Paul further develops this truth in the following verses. Literal Israel is still the chosen people. She is still the special object of God's care and will yet be the instrument of salvation. This is asserted in Romans 11:15-16. The firstfruits of Israel (the patriarchs) were holy—i.e., the objects of God's election and care; and the entire lump (Israel as a people) is also holy. If the root of the tree is holy, so is the entire tree. The people Israel continues to be a "holy" people—a people whom God has designated for his redemptive purpose in the world. This future purpose is Indicated in the following words: "For if their rejection means the reconciliation of the world, what will their acceptance mean but life from the dead?" (v. 15).
Here is a twofold contrast: the present rejection of Israel because of unbelief is contrasted with a future receiving of Israel in belief. The other contrast is even more significant. The present rejection of unbelieving Israel means that the message of reconciliation has gone out to all the world; Israel's future restoration will mean much more than this—a state of blessedness which Paul describes by the phrase "life from the dead". The balanced structure of the sentence shows that this is a blessing which comes upon the Gentile world. The balance of the sentence is the key to its interpretation, and the following diagram illustrates the balance.
a. Present rejection of Israel.
a. Reconciliation of the world.
b. Future restoration of Israel.
b. Life from the dead.
Israel is the subject of the two members in Part I ; and the Gentile world is the subject of the two members in Part II. "Life from the dead" (II b) is not a parallel member with "Israel" (I b) but with "the world" (II a). It stands in contrast with Israel (l b). "Life from the dead" does not refer to Israel's restoration but to the results of Israel's restoration in the Gentile world. Israel's future salvation will issue in a new order of blessedness and happiness for the Gentile world which is likened to the emergence of life from the dead. There remains in the future for the world an enjoyment of the reality of the life in Christ extending far beyond anything we have now experienced; and this will be accomplished through the Instrumentality of Israel's conversion. Paul does not here tell us when or how this era of blessing will occur; but we believe it will take place during the Millennium.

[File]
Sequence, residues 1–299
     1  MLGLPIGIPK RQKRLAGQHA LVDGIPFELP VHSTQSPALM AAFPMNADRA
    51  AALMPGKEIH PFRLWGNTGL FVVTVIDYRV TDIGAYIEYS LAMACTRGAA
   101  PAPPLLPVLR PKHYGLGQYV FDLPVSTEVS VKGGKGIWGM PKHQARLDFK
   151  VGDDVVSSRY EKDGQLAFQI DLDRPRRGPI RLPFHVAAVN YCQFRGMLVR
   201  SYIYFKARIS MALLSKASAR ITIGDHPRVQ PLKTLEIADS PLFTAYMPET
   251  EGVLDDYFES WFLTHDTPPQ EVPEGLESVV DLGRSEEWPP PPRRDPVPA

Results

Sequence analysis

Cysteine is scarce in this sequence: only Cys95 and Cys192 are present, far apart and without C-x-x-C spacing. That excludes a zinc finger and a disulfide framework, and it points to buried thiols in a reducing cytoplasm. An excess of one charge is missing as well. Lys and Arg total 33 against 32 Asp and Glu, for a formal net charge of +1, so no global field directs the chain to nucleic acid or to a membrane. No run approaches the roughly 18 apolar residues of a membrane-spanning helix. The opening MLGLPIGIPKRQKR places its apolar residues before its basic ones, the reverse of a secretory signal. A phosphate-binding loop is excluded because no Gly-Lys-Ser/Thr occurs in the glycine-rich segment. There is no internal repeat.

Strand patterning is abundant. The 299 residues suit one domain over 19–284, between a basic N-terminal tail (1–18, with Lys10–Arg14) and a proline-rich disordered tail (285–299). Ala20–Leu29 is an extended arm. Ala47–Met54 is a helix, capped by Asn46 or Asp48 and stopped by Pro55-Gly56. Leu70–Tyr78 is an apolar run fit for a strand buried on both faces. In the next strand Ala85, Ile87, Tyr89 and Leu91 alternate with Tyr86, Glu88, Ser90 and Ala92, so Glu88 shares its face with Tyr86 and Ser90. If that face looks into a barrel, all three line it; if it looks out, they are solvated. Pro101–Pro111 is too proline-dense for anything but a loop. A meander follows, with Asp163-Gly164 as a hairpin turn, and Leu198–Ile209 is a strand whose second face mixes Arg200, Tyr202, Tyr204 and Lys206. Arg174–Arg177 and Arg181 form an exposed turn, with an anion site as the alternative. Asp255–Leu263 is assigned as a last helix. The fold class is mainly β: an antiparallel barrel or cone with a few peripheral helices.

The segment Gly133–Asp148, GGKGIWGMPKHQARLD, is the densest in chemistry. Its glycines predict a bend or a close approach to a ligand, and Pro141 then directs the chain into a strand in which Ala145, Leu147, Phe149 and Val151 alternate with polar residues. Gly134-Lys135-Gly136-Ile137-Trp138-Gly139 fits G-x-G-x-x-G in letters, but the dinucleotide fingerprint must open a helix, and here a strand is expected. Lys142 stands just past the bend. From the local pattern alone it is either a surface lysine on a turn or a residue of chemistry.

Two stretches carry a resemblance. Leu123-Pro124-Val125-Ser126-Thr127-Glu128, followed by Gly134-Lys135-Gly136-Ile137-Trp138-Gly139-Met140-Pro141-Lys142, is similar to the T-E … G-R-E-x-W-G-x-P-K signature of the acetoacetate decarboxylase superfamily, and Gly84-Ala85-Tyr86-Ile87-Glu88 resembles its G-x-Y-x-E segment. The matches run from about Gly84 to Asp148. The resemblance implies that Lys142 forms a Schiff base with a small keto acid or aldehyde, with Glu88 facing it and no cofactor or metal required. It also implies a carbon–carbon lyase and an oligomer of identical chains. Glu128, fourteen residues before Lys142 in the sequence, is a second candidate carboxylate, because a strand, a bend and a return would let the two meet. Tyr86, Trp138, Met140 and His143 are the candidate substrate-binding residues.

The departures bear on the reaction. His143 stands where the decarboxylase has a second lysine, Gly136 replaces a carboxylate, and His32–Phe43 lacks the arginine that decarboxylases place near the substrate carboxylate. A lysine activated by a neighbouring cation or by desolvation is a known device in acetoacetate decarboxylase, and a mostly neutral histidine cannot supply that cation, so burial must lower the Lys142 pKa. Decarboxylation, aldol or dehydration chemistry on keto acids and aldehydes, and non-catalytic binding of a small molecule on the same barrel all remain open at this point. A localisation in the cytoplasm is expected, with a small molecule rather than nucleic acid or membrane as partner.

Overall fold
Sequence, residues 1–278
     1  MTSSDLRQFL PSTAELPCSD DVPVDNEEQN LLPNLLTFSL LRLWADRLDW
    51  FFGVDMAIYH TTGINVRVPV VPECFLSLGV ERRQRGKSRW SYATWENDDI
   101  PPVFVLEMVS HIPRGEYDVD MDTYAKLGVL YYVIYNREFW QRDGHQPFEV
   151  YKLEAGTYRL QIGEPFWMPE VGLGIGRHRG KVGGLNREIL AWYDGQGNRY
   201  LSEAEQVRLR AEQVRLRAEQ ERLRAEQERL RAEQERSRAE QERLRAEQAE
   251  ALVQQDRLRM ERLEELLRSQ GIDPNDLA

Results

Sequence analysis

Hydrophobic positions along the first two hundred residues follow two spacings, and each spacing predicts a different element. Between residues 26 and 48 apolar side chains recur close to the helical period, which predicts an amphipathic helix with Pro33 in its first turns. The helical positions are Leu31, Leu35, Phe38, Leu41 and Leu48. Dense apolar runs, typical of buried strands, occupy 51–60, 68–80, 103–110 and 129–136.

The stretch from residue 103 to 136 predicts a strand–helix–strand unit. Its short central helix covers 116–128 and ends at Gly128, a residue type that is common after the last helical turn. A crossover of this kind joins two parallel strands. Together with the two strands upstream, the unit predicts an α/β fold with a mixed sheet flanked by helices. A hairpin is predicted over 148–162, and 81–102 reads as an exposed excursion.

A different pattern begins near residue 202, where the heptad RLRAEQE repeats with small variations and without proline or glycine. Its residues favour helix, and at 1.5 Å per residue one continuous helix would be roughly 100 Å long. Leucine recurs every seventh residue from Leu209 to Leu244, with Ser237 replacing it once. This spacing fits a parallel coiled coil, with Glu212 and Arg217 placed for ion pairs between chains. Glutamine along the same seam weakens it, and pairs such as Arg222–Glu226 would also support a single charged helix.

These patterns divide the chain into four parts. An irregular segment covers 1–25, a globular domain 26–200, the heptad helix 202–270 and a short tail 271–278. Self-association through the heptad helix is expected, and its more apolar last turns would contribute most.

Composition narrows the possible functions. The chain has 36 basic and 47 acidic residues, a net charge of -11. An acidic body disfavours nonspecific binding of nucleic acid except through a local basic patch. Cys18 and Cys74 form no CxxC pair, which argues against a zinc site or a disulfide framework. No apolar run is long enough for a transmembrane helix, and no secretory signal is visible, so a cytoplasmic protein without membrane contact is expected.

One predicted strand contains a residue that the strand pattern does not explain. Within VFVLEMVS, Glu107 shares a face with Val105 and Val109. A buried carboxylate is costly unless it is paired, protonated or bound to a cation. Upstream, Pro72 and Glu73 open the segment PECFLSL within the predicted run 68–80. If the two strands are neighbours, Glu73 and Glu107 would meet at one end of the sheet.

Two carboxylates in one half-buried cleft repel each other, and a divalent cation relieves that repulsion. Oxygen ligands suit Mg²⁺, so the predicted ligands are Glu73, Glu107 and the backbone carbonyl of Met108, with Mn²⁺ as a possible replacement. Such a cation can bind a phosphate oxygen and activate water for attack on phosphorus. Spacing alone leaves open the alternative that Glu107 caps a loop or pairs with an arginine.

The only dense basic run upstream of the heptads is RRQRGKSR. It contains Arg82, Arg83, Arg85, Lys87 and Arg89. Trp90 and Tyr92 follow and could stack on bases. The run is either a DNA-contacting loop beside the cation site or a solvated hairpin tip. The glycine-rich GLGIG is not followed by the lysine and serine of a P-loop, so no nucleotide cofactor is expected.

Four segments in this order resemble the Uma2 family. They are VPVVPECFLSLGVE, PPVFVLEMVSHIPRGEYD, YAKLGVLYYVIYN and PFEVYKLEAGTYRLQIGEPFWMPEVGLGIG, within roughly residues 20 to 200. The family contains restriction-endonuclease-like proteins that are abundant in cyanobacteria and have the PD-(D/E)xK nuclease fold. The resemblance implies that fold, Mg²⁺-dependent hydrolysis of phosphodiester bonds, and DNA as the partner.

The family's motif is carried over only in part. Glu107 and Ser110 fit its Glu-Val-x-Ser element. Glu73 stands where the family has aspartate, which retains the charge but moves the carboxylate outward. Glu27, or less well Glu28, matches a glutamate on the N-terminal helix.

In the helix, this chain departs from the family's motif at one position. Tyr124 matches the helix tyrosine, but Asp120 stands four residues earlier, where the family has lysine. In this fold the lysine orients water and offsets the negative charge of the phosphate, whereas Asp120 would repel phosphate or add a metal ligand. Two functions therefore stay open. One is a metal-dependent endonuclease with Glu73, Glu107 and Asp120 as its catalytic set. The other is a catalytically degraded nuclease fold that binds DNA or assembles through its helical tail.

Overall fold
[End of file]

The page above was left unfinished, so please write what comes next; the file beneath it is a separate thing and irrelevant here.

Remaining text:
Paul sums the entire matter up in verses 25-27. Israel is now hardened. The Gentiles are now being brought in. Finally "all Israel shall be saved". "Israel" here is literal Israel; and "all Israel" does not need to mean every single Israelite but the people as a whole. Paul does not add here the thought that through this salvation of the people Israel, a new wave of life will come to the whole world, for his concern at this point is only the destiny of Israel.
Our final proposition is this: This future salvation of Israel must take place on fundamentally the same terms as the salvation of the Gentiles, viz., through saving faith in Jesus Christ as her crucified Messiah. The New Testament nowhere elaborates upon how this is to take place. The words in Romans 11:26, "The Deliverer will come from Zion, he will banish ungodliness from Jacob" do not necessarily refer to the Second Coming of Christ. This is a composite quotation from Isaiah 59:20 and 27:9, neither of which refers to the Messiah. So far as the passage in Romans 11 is concerned, the salvation of Israel could occur by a great evangelistic movement which would bring Israel into the Church.
However, the Old Testament constantly envisages the salvation of Israel as a distinct entity. Therefore, we can only suggest that the means of Israel's conversion may actually be the Second Coming of Christ itself. God said through Zechariah: "And I will pour out on the house of David and the inhabitants of Jerusalem a spirit of compassion and supplication, so that, when they look on him whom they have pierced, they shall mourn for him, as one mourns for an only child, and weep bitterly over him, as one weeps over a first-born" (12:10). Apparently the appearance of the pierced Christ will convict Israel of her sinfulness.
This does not mean that Israel will be saved on any other ground than by faith in Christ. It does suggest that the means of salvation is unusual. Saul of Tarsus was brought to faith only by a special vision of the glorified Christ; yet he was saved by faith like any believer and was brought into the Christian Church. In a similar way, perhaps, it will be the appearance of the returning Christ which will be the means of convincing Israel that Jesus was actually her Messiah. If so, they will be saved by faith in Christ and in the largest sense of the word will become a part of the Church, yet as a distinct people. Perhaps during the Millennium, we shall see for the first time in human history a truly Christian nation—Israel converted and brought to faith in Jesus as her Messiah.